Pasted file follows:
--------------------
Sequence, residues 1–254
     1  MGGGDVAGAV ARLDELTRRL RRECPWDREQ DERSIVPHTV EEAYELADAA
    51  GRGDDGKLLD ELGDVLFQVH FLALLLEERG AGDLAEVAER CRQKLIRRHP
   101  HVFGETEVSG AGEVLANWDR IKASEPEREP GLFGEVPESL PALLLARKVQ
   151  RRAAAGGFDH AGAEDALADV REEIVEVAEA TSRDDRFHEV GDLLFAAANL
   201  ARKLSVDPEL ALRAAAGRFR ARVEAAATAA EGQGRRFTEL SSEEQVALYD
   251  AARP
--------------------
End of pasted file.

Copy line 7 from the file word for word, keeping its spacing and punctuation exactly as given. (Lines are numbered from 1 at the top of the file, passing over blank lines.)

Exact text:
   251  AARP